UPDATE -- 2:34 a.m.
Officials said that soldiers and civilians ripped apart their clothes to make bandages for fallen colleagues, many of whom were waiting at the base's Soldier Readiness Center for medical and dental exams before deployment. The attack shocked the country and raised questions about base security.
The suspected gunman, who initially was thought to have died, was wounded and in stable condition under guard at a hospital. Identified as Maj. Nidal Malik Hasan, 39, he worked at the Darnall Army Medical Center, Ft. Hood's hospital. The facility has an extensive program to help soldiers deal with the stress of returning from war.
Base commander Lt. Gen. Robert Cone said at a news conference Thursday evening that Hasan was shot multiple times by a female civilian Army police officer, who was also injured. The suspect reportedly had not spoken with investigators, and Cone would not say anything more about him.
A senior U.S counter-terrorism official said Thursday night that the Army and FBI were looking into whether Hasan, who is Muslim, had previously come to the attention of federal law enforcement officials as the suspected author of inflammatory Internet comments likening suicide bombers to heroic soldiers who give their lives to save others.
The official, who spoke on condition of anonymity because the investigation was ongoing, said that authorities would examine Hasan's actions in the months leading up to the rampage in part to determine whether authorities had missed warning signs. "This is going to be a long and convoluted and messy investigation," the official said.
Although three other soldiers were briefly taken into custody, Cone said he believed that the gunman acted alone.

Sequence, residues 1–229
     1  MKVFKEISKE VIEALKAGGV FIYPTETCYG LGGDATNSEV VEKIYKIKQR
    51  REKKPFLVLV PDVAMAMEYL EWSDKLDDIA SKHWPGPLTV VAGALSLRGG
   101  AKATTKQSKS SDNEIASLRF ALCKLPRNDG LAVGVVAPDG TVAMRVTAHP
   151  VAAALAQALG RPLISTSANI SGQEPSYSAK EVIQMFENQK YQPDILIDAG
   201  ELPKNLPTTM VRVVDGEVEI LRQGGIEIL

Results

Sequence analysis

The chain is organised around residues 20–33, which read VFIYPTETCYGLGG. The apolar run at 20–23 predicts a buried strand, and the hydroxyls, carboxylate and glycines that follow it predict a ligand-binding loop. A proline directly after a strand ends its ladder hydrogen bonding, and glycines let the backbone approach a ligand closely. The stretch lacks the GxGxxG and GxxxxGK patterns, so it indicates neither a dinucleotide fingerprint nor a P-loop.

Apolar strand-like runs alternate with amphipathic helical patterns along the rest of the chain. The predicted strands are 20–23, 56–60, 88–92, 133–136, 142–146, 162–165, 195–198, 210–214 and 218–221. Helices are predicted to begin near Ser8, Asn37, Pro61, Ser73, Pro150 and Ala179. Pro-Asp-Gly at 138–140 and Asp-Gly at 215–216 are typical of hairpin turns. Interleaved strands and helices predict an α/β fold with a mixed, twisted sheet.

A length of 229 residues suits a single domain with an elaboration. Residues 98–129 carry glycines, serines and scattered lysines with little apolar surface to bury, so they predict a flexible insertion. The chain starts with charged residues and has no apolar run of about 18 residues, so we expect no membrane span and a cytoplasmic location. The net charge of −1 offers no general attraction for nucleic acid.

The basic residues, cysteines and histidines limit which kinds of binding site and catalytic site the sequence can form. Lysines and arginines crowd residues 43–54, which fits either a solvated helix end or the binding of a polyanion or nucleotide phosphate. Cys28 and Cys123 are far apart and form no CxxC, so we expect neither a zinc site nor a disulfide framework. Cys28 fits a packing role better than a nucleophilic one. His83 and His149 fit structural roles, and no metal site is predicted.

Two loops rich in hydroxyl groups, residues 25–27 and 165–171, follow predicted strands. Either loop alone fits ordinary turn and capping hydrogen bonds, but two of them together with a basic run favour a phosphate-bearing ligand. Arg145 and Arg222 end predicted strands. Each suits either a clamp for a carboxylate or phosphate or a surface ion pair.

President Obama lamented the attack as a "horrific outburst of violence" and promised justice. "We are going to stay on this," he said.
"These are men and women who have made the selfless decision" to protect the nation, Obama said of the victims. "It is horrifying that they should come under fire at an Army base on American soil."
Hasan, a Virginia native, worked at Walter Reed Army Medical Center for six years before his transfer to the Texas base in July. Army officials with access to Hasan's records told the Associated Press that he had received a poor performance evaluation at Walter Reed.
In a post on the website scribd.com that appears to be from May, a writer named "NidalHasan" likened a suicide bomber to a soldier who jumps on a grenade to save the lives of his fellow officers in that both were sacrificing their lives "for a more noble cause."
That cause, he wrote, "is to help save Muslims by killing enemy soldiers. If one suicide bomber can kill 100 enemy soldiers because they were caught off guard that would be considered a strategic victory. Their intention is not to die because of some despair. The same can be said for the Kamikazees in Japan."
Sen. Kay Bailey Hutchison (R-Texas) told NBC News that Hasan was about to be deployed to combat for the first time "and was upset about it." Hasan's cousin, Nadar Hasan, a lawyer in northern Virginia, told Fox News that deployment was his cousin's "worst nightmare."
The shooting broke out about 1:30 p.m. Central time at the Soldier Readiness Center. About 50 meters away, Cone said, 138 soldiers were preparing to go through a 2 p.m. college graduation ceremony before 600 guests.
"Thanks to the quick reaction of several soldiers," Cone said, "they were able to able to close off the doors to that auditorium." That action, he said, saved lives.
Cone said he did not believe that the weapons involved in the attack -- one of them a semiautomatic -- were military-issued.
The rules for carrying weapons on an Army post are standard throughout all bases, service officials said. The only personnel allowed to openly display weapons on the base are military police, said Lt. Col. Nathan Banks, an Army spokesman.